All three sisters continued to set team records this summer with the Manta Rays – coached by Helen Brown – during the Greater Richmond Aquatic League season. Before she defended her USAT Youth Nationals title, Andrea enjoyed a strong showing at the GRAL Champs meet, becoming a triple winner in the varsity 9-10 200 freestyle mixed relay, the senior varsity 50 butterfly and the senior varsity 100 freestyle.
She and her teammates Luke Salser, Ryan Johnson and Alex Horst earlier in the season set a new GRAL league record in the mixed 9-10 200 medley relay with a collective time of 2:26.66 in Goochland’s meet against Raintree.
“We were all trying to go for it; before we went, we were all trying to pump each other up to try to go as fast as we can,” Andrea said. “Once we got out of the pool, we asked for our times and once we realized that we beat it by three seconds, we all were so happy and we jumped around.”
“The Manta Rays – it’s a really good time,” Anneliese said. “Everybody’s a team; they all want the best for you. They’re all very nice.”
The sisters have inspired their teammates, several of whom they’ve grown up with in their six years on the team, and the Rogersons have loved supporting the Goochland YMCA, and being a part of the Manta Rays, which will begin their fall-winter season Sept. 3. Also this summer, Andrea qualified for the Virginia Swimming Zone team and represented Virginia Swimming against the neighboring states in the Eastern Zone Championship.
Annika has also made the Zone team, achieved top 10 all-time awards and helped her relay team achieve a Virginia state record when she was at NOVA.
“We were like: Let’s try and get the record…we all really wanted to get it and we all tried and pushed as hard as we could,” Annika said, “and we got it.”
During the school year, the girls contribute to the Goochland School sports teams, as Anneliese continues to compete for Goochland High School Swimming, and Annika will swim for Goochland Middle School this year.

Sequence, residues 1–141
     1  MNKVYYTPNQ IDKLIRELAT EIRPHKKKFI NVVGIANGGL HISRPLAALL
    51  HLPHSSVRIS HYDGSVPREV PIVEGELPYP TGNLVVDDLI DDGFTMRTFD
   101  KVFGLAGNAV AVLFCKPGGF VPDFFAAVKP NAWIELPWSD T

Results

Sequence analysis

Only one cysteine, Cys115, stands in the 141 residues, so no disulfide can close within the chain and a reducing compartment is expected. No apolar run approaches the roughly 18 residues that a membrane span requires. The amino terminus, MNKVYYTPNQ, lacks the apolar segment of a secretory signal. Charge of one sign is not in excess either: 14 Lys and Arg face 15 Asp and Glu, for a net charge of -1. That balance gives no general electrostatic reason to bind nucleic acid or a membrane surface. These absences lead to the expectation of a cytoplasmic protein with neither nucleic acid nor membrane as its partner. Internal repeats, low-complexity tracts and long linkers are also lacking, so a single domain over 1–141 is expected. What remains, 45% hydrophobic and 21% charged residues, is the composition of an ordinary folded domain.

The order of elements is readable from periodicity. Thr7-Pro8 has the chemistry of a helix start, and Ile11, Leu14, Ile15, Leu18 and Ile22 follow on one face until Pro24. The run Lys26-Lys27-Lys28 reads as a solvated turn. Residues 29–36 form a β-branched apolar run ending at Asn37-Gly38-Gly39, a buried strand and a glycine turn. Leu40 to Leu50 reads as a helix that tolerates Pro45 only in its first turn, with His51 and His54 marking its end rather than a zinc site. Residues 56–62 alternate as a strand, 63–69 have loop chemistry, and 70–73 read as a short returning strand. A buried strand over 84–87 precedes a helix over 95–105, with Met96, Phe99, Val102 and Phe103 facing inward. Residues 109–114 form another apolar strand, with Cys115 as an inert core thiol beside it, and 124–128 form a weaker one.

On placing at states her freshman year, Anneliese said: “I worked really hard – I was swimming twice a day…and I wanted to get third in states, and everybody believed in me, but at the beginning I didn’t believe in myself, and then I finally learned to believe in myself, and that I believed I could do it, and I did it…Coach (Ed) Boyle helped me learn to believe in myself.”
Both Anneliese and Annika – who both said they want to get better at running in triathlons – are on Goochland’s school cross country and track and field teams. All three sisters are also on the honor roll; Anneliese’s grade point average is currently 4.1.
Everybody’s motivating you
The achievement that Andrea has been most proud of receiving thus far is EF’s 2017 LIVE RED Youth plaque, awarded annually to one boy and one girl. Andrea achieved the award after always attending practice with a smile on her face and always working hard. Last year, Andrea also got the Breakthrough Award from Endorphin Fitness by winning at the youth national championships in her first time ever competing in them.
This year alone, Andrea, Annika and Anneliese have participated in the East Coast Triathlon Festival (May 5), the REV3 Salute to the Military triathlon (May 25), the Water Country USA triathlon (June 1), the Endorphin Fitness Splash and Dash Series (four races), the Columbia Kids triathlon (July 21) the USAT Youth Nationals (Aug. 4) and the EF VHBG triathlon (Aug. 17).
With the triathlons, Annika likes that you get to experience three different sports – swimming, running and biking – at the same time. Andrea likes doing all three of them instead of just one because it “makes it more fun” and “mixes things up a little bit.”
And Anneliese likes the feeling that, when you start the triathlon, everybody’s motivating you – and when you cross the finish line, it’s not just like a swim race when you get out of the pool and you’re about to do it again for the next event.
When you finish a triathlon, you really feel like you’ve accomplished something, she said.
“And you’re with all your teammates and they’re all congratulating you,” Anneliese said. “It’s competitive, but it’s really a good time.”